Current Solana Out of Memory panic issue

It looks like Solana has been nuked with spam bot transactions and validators are dropping due to out of memory panics, causing several hard forks. Is it possible that Rust may not be the best choice to build public facing services that people can exploit with spam requests? Based on what I am seeing, it's led me to ask here.

Unrelated to crypto, but similar technical question I asked earlier: Rust, safety, performance under pressure

TLDR: only real solution I can think of are (1) languages like Zig, where allocator is passed as argument or (2) no-std/embedded route, where you pre-allocate up front and avoid dynamic memory alloc as much as possible

Would you abandon Java because a program has a bug and throws an uncaught exception?

While it's a massive pain and really hurting Solana, these out-of-memory panics should just be treated like any other bug. You can resolve them by writing code that is more aggressive about releasing unused resources, doesn't allow unbounded memory growth, or has fixed memory usage (i.e. like embedded applications where you may not even have an allocator). There may also be systemic problems which enabled this situation (e.g. the Solana protocol might have scaling issues).

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So long as there is a way to patch the code, yes. It was specifically Linus Torvalds questioning if OOM process termination was a fundamental issue and what could or could not bring it about with Rust. Combine this take with me seeing it live in action and here I am asking :smiley: . Its specifically this attached link that has me concerned as validators and functionality cant terminate during run for something as important as this-- especially if competing chains, institutions, or just trolls in general can cause overflows of memory by flooding with requests. Internal closed services wouldn't have this issue as access can be restricted. Restricting access to requests defeats the entire purpose of a public chain, so thats a non solution in this realm. Hence why I am asking this here for clarification.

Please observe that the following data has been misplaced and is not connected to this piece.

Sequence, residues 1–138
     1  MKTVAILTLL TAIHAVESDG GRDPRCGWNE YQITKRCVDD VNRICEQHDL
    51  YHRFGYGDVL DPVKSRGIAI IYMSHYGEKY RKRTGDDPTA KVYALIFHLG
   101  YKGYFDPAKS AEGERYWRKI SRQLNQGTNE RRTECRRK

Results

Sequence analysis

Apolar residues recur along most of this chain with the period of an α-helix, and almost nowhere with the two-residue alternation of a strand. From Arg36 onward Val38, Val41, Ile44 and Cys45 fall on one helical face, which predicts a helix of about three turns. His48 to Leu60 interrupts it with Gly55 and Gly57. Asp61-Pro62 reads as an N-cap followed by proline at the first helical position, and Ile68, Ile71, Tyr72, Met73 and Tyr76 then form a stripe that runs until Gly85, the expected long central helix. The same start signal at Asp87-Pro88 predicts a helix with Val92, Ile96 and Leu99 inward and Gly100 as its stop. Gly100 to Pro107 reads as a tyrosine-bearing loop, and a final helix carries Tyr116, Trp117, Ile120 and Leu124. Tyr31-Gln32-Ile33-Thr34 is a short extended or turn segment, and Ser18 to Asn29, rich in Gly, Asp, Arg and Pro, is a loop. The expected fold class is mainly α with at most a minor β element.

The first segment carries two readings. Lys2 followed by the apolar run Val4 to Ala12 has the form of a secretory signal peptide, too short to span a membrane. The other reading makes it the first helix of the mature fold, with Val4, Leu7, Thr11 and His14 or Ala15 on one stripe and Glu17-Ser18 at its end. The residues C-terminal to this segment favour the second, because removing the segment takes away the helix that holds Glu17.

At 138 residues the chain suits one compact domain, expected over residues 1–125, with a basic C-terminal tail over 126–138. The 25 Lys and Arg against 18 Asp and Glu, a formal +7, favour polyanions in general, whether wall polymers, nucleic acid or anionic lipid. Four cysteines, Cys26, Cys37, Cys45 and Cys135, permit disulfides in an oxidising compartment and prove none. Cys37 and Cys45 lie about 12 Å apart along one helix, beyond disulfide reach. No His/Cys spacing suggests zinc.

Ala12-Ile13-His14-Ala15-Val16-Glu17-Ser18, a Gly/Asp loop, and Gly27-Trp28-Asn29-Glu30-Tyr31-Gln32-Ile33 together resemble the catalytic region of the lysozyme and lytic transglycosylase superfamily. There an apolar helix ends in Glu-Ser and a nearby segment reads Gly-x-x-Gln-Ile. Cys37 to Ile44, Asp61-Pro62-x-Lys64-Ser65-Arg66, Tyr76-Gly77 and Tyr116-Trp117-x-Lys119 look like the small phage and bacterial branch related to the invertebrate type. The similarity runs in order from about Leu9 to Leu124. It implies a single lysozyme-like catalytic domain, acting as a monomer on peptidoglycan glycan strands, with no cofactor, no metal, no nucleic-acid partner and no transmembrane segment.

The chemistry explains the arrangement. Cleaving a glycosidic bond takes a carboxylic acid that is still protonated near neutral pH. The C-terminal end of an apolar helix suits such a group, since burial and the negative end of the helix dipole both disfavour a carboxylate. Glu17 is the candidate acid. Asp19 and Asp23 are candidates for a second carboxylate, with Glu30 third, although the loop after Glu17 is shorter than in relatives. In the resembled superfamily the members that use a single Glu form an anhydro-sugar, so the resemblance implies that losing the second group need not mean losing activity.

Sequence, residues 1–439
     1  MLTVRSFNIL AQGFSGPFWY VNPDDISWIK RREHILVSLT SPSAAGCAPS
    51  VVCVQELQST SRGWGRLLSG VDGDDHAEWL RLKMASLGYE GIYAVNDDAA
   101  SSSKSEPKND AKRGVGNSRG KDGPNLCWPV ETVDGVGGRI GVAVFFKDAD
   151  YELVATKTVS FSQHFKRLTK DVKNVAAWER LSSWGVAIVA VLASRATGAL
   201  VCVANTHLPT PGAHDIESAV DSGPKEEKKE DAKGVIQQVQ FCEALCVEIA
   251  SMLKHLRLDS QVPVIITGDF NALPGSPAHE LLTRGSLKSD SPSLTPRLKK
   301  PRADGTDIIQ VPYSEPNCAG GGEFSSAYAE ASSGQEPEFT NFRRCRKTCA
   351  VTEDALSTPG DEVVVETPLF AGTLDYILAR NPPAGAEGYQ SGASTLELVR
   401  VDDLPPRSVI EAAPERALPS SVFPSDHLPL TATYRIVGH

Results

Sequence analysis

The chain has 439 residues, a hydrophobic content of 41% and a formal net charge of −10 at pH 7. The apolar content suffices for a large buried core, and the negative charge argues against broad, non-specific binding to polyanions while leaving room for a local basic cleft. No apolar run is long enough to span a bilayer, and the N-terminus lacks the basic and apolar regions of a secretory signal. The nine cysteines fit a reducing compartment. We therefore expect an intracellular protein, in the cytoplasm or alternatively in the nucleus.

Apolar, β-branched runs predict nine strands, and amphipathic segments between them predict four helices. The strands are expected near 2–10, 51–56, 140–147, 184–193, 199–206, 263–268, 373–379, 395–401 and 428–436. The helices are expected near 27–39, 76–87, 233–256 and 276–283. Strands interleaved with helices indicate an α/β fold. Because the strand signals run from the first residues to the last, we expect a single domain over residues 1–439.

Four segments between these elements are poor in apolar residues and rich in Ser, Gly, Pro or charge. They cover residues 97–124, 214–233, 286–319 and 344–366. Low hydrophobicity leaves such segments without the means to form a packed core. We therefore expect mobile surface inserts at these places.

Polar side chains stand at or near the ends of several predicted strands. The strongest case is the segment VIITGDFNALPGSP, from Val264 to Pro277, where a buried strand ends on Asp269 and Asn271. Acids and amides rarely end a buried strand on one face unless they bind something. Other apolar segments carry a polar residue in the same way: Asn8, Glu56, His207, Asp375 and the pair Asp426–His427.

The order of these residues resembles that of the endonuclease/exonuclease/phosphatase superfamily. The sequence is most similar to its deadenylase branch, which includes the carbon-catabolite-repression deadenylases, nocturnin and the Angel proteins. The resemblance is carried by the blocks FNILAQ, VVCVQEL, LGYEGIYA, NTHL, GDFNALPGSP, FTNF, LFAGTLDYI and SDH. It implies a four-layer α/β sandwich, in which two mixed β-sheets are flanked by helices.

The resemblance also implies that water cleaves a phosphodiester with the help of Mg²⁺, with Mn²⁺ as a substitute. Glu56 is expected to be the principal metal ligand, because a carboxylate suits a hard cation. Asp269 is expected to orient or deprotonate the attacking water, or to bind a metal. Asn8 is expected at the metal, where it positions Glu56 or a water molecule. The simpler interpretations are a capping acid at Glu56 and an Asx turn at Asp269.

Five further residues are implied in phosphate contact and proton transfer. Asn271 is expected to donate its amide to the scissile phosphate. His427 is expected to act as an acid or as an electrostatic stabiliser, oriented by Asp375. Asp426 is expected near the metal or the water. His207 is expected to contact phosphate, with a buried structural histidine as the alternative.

https://lkml.org/lkml/2021/4/14/1099

We have a machine with finite memory and finite CPU.

When the # of requests increase without bound, what do you expect to happen ? Dropping requests / restricting access seems inevitable (the other route being to crash, which would serve 0 requests).

It is not clear to me at all how this is a Rust weakness, as regardless of the choice of language, one is faced with this issue.

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The OOM = abort discussion has already been done to death on the internet, but if you step past the FUD you'll see progress has been made towards handling allocation errors gracefully. The Allocator API methods all return Results, and you've got (not yet stable) methods like Vec::try_reserve() or Box::try_new() which let you do normal Vec and Box operations while handling the possibility of allocation failures.

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Dropping requests, yes. By restricting access, I meant more from an internal organization/intranet standpoint. I was actually reading up a lot on your topic linked above. This in particular is what is concerning me.

When you have spam bots cranking out 400k tps, it seems like the "sudden traffic spike => memory alloc spike => crash" scenario would seem extremely likely.

The potential weakness in choosing Rust would be that during this spike, the validator node would terminate and have a domino effect for the rest of the network.

Ok, so the overflow issue should be fixable. Good to know. Glad I haven't wasted my time.

I think the issue described above is an architecture choice, not a language choice.

If the architecture is: always allocate on every request, then sooner or later the server gets killed by OOM.

If the architecture is: pre-allocate block up front, and drop connections at limit, the server continues running at some capacity.

This choice seems orthogonal to choice of language.

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